I found this film quite wonderful, and it reminded me how much I liked Kore-eda’s previous films, Nobody Knows and Still Walking, which led me to another that I had missed.  I Wish (MC-80, NFX) again focuses on children and their perspective on the grown-up world.  Again the story is a fable of adventure told in realistic and domestic terms.  Two delightful brothers are separated when their parents split, and concoct a long-distance plot to bring the family together again, by making a wish at the crossroads where two bullet trains from their respective towns pass.  Each enlists a group of friends to accompany him, so there are seven kids altogether on the adventure, each with a wish to make.  And for most of them, there is a parent or grandparent who aids or foils their quest.  The film flashes back and forth with the speed of the children, who seem to run everywhere they go, a little faster than I could follow, so I would flip Metacritic ratings between these two most recent, but urge you to watch some Kore-eda film at first opportunity.

Sunday, December 28, 2014


With the Clark auditorium dark during the current phase of construction in the Manton building, I have no idea whether or when I will resume film programming there.  I’m particularly dubious about future Cinema Salon screenings, but do intend to keep my film blog going, even if the film club is no more. 

There certainly has been no abatement in my own film viewing, and I am once again dozens of films behind in my commentary.  My intention is to make another big push to catch up, and then to take a two-pronged approach to future films -- keeping a daily diary of immediate reactions to what I’m watching, back to my original intent of a decade ago; but for films and filmmakers about which I have something more extensive to say, or strong recommendations to make, posting longer essays on occasion.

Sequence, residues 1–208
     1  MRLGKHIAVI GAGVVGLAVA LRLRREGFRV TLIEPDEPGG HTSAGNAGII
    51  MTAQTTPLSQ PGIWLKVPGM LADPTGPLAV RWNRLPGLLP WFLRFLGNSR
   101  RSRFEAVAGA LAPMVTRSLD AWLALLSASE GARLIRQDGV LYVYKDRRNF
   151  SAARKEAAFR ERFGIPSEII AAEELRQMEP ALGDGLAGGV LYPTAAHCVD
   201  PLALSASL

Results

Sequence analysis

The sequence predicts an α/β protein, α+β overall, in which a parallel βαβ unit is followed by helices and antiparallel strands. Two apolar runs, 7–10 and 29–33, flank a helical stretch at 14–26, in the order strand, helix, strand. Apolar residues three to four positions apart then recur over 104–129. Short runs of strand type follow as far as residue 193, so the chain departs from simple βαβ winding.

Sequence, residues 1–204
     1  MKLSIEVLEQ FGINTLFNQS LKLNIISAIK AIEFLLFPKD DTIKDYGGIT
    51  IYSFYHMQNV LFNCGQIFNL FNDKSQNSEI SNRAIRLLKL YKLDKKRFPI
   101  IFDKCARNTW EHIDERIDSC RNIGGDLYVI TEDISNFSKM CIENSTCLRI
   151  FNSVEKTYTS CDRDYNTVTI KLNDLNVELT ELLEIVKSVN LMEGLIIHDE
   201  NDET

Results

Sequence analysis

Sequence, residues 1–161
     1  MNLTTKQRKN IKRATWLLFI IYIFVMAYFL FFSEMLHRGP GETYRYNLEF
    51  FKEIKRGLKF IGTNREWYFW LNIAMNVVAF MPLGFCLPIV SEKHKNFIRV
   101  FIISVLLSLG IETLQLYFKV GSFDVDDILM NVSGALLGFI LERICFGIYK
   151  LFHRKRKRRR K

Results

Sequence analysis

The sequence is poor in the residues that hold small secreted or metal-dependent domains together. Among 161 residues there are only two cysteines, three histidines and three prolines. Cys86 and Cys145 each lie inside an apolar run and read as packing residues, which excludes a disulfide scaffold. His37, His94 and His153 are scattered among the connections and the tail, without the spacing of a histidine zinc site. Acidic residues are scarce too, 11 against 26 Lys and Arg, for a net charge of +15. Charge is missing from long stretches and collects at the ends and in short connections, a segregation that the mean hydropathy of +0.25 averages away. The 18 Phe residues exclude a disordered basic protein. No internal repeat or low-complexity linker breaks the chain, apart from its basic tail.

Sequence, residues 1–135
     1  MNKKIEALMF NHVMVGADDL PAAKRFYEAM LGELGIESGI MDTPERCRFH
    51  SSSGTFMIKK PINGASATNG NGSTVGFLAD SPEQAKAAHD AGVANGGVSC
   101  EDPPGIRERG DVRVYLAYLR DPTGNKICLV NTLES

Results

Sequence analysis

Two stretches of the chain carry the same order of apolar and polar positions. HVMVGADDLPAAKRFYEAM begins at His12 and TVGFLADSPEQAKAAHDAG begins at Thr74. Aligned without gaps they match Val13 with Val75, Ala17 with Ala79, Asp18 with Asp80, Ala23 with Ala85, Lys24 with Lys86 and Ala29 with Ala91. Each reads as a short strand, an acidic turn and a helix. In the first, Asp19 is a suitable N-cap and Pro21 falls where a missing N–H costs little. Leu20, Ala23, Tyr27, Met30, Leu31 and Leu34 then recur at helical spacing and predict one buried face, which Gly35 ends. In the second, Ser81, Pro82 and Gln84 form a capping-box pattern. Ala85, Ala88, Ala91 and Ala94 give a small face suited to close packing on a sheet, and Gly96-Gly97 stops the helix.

First off, I have two films to recommend that were shown during the fall at Images Cinema, and for which I led an After Images discussion.  In advance I prepared career summaries of two of my favorite active directors, Richard Linklater and Michael Winterbottom, which I’ve posted here as “Pages.”

Linklater’s latest, Boyhood (MC-100(!!!), NFX), has been so widely acclaimed that adding my own praise would be carrying coals to Newcastle.  As a cinematic stunt -- filming intermittently over a dozen years to literally enact a child’s growing up -- it’s amazing, but even better for its substance.   As much as this film seems to be life caught on the fly, in fact every line is scripted and rehearsed, repeating the process for as long as it takes to seem spontaneous.  Its realism inheres in the practice of basing every scene on something that actually happened to Linklater or one of his actors or acquaintances.  The film is naturalistic, but not improvised, and definitely not documentary.  It’s a lived-in film, and a pleasure to live through.  I doubt it will be supplanted as my choice for best of the year.

I like the nakedness of remaking that Michael Winterbottom, Steve Coogan, and Rob Bryden bring to The Trip to Italy (MC-75, NFX).  That was fun, let’s do it again, in Italy instead of Yorkshire.  Flip the script in few ways, then let’s go.  If the material is thin, we lay on the layers – person, persona, impersonation; food, scenery, cinematic and literary allusions.  We’re a group of guys who are getting older, and mortality is much on our minds, so everything revolves around that theme.  Just do it, then do it again, until we can’t do it anymore.  See what happens.